Customers who chip in the substantial extra cost for vehicles crafted by the various auto makers' in-house tuners want, first and foremost, enhanced performance. But they're also chasing something more elusive in this day of $30,000 Benzes and McMansions in every suburb: exclusivity.

And for the horsepower-hungry, what can be more exclusive than a thundering powerplant lovingly assembled by hand just for you?

That's the customer-machine connection the performance-tuning divisions seek to inspire with engine-building operations that say “artisans at work” rather than “robots on duty.”

Mercedes-Benz's AMG started it all, in a philosophy they've coined “One Man, One Engine.” At AMG's engine-building HQ in Affalterbach, Germany, a workforce of 45 master builders is responsible for constructing the big-power engines for every AMG-modified vehicle.

Each man in the shop builds just two or three engines daily, and none are made to feel hurried. If that all-aluminum supercharged V-8 isn't ready today, that's OK — tomorrow will do.

When the engine is completed, the assembler affixes a metal tag bearing his name. The ultimate symbol of pride — and accountability — when just across the dale, Mercedes assembly lines are churning out thousands of engines in the time it takes AMG to construct around a hundred.

Newest to the hand-built credo is General Motors Corp.'s Powertrain Div. Later this year, its immaculate new Performance Build Center in the Detroit suburb of Wixom will quietly ramp up — not a clanking conveyer or transfer line in sight here — for its own spin on the exclusivity guarantee.

GM's $10 million investment in the Performance Build Center is similar to AMG. Fifty to 60 highly experienced engine builders each will construct, by hand, the imposing 500-hp 7L V-8 for the soon-to-be-launched, Ferrari-fighting Chevrolet Corvette Z06 and the supercharged 4.4L DOHC V-8 for Cadillac's V-Series performance vehicles, the STS-V and XLR-V.

The vehicles all are engineered by the GM Performance Div., but it's no accident the Performance Build Center's hand-built engine program is a focal point — GM Powertrain engineers went on-site to study AMG and other specialty engine building operations all over the world.

“It's about pride of ownership,” says Timothy M. Schag, the Performance Build Center site manager who's held manufacturing posts throughout the GM universe. “You can open up the hood, show someone the engine is hand-built.” Whether in the U.S. or Germany, the performance divisions know the engine should be the star of any tuning operation.

Inside the 100,000 sq.-ft. (9,290 sq.-m) Performance Build Center, each builder selects an engine block and other major parts from the on-site component corral, then dollies the engine through 15 stations that ultimately produce a ready-to-run high-performance engine.

Schag says there hasn't been a final decision on whether each engine will wear an AMG-style plate bearing the assembler's name, but he's “90% positive” it will happen.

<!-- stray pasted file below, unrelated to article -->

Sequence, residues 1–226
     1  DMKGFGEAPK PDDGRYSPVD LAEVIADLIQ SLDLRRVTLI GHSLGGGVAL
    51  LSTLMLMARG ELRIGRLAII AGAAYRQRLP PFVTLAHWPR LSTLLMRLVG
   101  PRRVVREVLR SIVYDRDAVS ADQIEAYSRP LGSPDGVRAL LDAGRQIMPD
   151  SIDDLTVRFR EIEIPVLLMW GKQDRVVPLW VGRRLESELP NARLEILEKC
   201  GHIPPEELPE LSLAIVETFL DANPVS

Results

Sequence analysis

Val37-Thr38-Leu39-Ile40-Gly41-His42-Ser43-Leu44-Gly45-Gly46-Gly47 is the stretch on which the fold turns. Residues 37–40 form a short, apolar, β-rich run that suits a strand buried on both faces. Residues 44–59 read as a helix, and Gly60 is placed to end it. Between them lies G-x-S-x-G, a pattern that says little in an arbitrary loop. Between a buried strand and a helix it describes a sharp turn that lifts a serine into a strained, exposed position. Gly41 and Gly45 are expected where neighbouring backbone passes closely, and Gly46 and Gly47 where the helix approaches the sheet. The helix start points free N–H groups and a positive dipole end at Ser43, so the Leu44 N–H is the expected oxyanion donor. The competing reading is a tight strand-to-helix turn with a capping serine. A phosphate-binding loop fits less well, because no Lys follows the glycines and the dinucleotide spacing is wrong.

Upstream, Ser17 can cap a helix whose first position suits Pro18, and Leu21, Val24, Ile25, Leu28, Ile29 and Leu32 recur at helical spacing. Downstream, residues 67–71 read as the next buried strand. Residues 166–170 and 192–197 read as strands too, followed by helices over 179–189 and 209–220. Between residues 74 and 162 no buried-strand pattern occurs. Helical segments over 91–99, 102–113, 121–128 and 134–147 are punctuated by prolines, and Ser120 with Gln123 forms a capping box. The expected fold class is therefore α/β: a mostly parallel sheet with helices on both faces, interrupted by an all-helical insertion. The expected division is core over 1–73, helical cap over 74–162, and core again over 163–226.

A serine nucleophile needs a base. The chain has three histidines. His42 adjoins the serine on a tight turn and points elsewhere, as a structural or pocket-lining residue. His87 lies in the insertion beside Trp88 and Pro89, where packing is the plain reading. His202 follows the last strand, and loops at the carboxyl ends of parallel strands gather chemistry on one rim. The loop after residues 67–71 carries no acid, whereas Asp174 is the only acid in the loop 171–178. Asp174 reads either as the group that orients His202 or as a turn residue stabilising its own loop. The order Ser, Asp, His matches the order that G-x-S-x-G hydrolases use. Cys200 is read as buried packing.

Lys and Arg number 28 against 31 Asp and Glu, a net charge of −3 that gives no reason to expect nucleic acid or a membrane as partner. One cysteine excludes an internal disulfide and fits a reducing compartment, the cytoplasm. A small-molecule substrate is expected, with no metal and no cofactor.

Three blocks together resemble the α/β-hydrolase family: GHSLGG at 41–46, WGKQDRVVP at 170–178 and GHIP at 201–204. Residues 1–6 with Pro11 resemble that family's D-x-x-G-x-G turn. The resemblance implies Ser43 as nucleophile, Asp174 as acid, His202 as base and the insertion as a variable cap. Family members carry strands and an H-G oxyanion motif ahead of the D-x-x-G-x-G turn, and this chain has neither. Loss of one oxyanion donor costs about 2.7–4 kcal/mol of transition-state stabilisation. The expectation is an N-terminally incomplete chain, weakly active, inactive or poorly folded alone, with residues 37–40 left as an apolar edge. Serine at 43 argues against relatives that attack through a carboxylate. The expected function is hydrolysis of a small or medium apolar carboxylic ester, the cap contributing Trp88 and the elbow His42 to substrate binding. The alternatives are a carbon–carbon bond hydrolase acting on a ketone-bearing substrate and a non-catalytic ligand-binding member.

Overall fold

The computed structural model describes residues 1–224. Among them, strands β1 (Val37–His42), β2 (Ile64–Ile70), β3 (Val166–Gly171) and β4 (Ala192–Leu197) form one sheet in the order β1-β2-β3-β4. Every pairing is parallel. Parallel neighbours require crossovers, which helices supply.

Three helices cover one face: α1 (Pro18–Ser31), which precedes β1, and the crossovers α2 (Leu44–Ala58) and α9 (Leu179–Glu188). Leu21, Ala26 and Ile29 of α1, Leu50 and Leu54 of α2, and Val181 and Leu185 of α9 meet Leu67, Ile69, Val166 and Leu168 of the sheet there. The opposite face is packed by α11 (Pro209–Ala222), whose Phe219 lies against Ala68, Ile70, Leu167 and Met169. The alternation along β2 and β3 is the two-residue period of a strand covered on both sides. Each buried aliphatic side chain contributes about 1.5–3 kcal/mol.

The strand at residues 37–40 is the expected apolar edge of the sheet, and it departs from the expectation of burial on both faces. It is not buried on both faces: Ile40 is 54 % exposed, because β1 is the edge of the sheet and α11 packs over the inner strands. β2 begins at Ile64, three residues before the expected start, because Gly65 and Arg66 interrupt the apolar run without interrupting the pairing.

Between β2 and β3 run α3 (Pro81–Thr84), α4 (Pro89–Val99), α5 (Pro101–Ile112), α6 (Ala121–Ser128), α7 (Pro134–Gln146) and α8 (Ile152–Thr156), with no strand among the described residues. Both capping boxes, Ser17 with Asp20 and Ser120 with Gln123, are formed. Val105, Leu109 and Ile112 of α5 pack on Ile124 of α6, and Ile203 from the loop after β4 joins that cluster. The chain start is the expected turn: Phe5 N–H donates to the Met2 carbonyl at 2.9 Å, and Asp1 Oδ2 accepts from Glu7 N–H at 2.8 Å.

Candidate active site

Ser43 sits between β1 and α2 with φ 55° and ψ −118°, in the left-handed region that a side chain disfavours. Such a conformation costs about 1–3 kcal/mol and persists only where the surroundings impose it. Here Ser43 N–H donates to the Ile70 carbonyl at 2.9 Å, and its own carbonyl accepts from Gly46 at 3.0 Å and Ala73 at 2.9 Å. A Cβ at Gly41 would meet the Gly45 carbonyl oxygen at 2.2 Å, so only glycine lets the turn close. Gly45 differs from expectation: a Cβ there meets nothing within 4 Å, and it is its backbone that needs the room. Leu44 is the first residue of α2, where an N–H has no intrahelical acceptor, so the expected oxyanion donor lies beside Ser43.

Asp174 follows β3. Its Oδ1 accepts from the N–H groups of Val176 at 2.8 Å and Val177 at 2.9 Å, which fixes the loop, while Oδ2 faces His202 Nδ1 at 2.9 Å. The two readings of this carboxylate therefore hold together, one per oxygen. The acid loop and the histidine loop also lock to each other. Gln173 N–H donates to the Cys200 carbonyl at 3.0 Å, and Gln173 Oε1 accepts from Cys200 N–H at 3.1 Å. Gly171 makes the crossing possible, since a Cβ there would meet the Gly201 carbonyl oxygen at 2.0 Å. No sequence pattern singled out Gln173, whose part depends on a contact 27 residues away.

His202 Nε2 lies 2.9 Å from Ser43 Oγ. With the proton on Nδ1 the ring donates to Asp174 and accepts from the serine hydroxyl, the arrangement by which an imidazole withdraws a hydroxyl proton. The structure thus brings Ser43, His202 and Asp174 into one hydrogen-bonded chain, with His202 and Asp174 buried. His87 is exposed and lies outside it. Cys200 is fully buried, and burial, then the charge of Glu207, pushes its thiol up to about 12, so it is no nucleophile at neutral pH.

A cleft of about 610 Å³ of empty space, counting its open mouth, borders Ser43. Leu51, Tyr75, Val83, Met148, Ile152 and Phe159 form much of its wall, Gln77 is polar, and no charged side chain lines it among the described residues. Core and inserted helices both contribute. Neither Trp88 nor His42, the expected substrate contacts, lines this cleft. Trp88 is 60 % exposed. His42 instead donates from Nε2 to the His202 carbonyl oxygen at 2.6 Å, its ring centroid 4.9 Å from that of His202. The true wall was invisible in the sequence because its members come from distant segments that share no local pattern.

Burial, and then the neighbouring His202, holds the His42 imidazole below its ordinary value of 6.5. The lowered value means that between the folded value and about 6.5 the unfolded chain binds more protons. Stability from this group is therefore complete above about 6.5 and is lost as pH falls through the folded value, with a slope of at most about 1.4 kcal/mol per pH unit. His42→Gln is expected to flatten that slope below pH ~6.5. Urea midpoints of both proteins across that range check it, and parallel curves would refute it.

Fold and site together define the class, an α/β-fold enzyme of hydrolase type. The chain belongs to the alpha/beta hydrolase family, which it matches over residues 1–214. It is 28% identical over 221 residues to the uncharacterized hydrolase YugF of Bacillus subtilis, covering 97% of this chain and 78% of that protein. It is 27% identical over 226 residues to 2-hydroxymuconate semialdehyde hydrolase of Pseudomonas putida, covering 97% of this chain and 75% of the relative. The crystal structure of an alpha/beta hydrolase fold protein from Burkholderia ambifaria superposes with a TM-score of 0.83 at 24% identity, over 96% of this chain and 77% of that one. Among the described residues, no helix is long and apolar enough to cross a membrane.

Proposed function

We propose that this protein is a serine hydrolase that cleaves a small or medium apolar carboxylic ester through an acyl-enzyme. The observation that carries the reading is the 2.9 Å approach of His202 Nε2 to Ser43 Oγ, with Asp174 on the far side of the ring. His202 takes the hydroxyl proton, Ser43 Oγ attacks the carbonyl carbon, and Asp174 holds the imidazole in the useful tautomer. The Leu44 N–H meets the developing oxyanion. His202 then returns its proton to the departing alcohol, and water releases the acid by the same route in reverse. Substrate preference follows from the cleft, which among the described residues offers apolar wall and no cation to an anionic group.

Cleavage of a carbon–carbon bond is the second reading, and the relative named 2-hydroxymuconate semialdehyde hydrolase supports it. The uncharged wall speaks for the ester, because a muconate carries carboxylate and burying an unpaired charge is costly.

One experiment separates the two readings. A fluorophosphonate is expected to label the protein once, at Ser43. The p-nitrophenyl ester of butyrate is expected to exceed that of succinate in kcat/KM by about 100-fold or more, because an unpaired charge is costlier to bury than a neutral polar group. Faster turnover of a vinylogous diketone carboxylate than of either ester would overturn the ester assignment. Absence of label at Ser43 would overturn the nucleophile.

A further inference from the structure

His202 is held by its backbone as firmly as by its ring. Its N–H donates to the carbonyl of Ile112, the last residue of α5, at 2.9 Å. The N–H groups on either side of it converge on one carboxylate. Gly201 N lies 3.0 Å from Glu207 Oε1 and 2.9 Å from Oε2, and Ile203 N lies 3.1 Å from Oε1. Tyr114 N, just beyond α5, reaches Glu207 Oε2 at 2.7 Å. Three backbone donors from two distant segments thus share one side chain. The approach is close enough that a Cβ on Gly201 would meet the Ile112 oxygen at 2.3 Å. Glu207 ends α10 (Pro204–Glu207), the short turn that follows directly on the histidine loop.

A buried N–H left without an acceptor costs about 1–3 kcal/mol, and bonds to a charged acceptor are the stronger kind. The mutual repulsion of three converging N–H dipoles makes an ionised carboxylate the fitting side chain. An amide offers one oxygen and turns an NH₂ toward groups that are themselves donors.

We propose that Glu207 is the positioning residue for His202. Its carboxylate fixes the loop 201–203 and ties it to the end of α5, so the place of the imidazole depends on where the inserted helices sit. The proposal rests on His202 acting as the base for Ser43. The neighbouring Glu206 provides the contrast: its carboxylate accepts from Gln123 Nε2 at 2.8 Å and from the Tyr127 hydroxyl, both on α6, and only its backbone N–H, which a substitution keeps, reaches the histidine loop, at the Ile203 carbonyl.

“There's also uniqueness in terms of numbers,” he adds. While the GM empire knocks out tens of thousands of engines daily, the Performance Build Center's annual output currently is pegged at 15,000 — or about one engine every four hours for each builder.

Schag says the low numbers and lack of high-volume assembly processes won't mean any compromise of reliability, either. He stresses one of the overriding precepts behind the Center's hand-built engine philosophy is to use the same high-volume quality processes that have made GM's recent Global Manufacturing System (GMS) so successful. That includes, Schag predicts, TS 16949 certification (the new international standard for manufacturing-process quality) later this year.

At Ford Motor Co., there's a variation on the theme. The process at Ford's “niche” engine-assembly line on the site of its giant Romeo, MI, engine plant, is “Two Men, One Engine.”

With products from Ford's Special Vehicle Team suspended until a new SVT Shelby Cobra GT500 variant of the '05 Mustang is launched, 2-man teams on the niche engine line — only nine technicians in all — assemble just one engine: the supercharged 5.4L DOHC V-8 for the GT supercar.

The 22,000 sq.-ft. (2,044 sq.-m) niche line also built, starting in 1996, the supercharged 4.6L DOHC V-8 for the Mustang Cobra SVT until the car's temporary discontinuation last year. With the GT's V-8 currently its only output, this specialized operation assembles about 1,200 engines annually.

Each GT engine takes about 2.5 hours to build up from bare block and heads, Mike Eller, team manager on the niche engine line, told Ward's last year.

The 2-technician teams push each V-8 through a series of 12 stations, and when it's finished, you guessed it — a shiny aluminum plate inscribed with the name of both engine builders is affixed to the engine.

Ford recently installed a similar operation for its Aston Martin Lagonda Ltd. unit. At the Aston Martin Engine Plant, on the site of Ford's high-volume Cologne, Germany, engine assembly facility, one technician will build an Aston V-8 or V-12 from bottom to top. Ford figures on 5,000 hand-built engines annually from AMEP.

Although the loving treatment and artisan talent lavished on these hand-assembled engines is meant to verify the elite status of a performance-division vehicle, if Ford's experience is any indicator, there's at least one decidedly tangible benefit: Ford says no engine built on its niche-assembly line ever has had a warranty problem attributed to improper assembly.